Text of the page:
• QUOTES (4)

    • Crichton: (when Zhaan tells him it's up to him to save the day) I am too old for this ****!

    • Aeryn: (to Crichton, after returning to Moya as an old woman) Look at you. I've forgotten how beautiful you are. You're so young. I've also forgotten how wrong you can be!

    • Chiana: (when D'Argo tells her to stop acting like an outsider) Yeah, but you're not going to change me.
      D'Argo: I'm only just beginning to realize that.
      Chiana: You're pretty straight, huh?
      D'Argo: Yes I am.
      Chiana: We're not going to make it, are we?

    • Crichton: I don't think it's him in there, I think you got my picture.
      Aeryn: Don't flatter yourself.
      Crichton: Yeah, my picture. Surrounded by roses and hearts and yotz...
      Aeryn: Open it then.
      Crichton: What?
      Aeryn: Take a look inside, you'll see his image, the only love of my life.
      Crichton: No, no... I don't want to see his ugly face.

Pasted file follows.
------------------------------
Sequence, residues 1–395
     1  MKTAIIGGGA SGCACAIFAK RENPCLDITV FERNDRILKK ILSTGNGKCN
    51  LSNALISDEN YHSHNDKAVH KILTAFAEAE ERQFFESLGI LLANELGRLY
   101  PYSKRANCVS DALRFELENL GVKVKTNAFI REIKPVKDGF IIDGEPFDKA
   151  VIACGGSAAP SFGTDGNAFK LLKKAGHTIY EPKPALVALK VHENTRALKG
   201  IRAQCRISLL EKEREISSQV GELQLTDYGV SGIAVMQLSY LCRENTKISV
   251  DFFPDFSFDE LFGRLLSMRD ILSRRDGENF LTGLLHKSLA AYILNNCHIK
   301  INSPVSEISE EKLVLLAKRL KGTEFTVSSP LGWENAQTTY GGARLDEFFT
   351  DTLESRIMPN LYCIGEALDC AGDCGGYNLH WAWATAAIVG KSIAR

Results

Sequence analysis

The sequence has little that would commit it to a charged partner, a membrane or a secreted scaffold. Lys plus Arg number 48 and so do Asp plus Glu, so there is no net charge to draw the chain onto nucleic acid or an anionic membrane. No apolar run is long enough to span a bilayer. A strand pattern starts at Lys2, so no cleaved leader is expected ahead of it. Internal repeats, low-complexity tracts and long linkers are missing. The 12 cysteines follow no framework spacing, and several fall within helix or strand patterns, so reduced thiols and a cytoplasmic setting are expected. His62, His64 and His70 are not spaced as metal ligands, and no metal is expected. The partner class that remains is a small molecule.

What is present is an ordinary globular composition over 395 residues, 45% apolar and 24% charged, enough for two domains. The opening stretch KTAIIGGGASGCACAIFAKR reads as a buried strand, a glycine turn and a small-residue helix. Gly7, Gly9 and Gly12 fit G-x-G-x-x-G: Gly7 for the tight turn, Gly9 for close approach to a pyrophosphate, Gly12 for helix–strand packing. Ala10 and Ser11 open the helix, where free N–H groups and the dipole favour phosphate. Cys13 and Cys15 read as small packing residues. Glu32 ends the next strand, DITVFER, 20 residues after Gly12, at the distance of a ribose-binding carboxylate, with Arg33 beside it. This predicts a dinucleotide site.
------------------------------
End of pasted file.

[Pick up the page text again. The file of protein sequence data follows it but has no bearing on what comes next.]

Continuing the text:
• NOTES (3)


    • Crichton: Aeryn. You are the one thing which has kept me from doing a kamikaze in the transport.

      "Kamikaze" is the Japanese word meaning "divine wind", and was the name given to a typhoon that destroyed Kublai Khan's naval fleet as it tried to invade Japan in 1281 AD. It came to be used during World War II as a term for Japanese pilots who would make suicidal attacks against enemy ships by crashing their planes, loaded with explosives, into them. More colloquially, as in the above quote by Crichton, it refers to a person making a suicide attempt by crashing a plane or other vehicle, or to the attempt itself.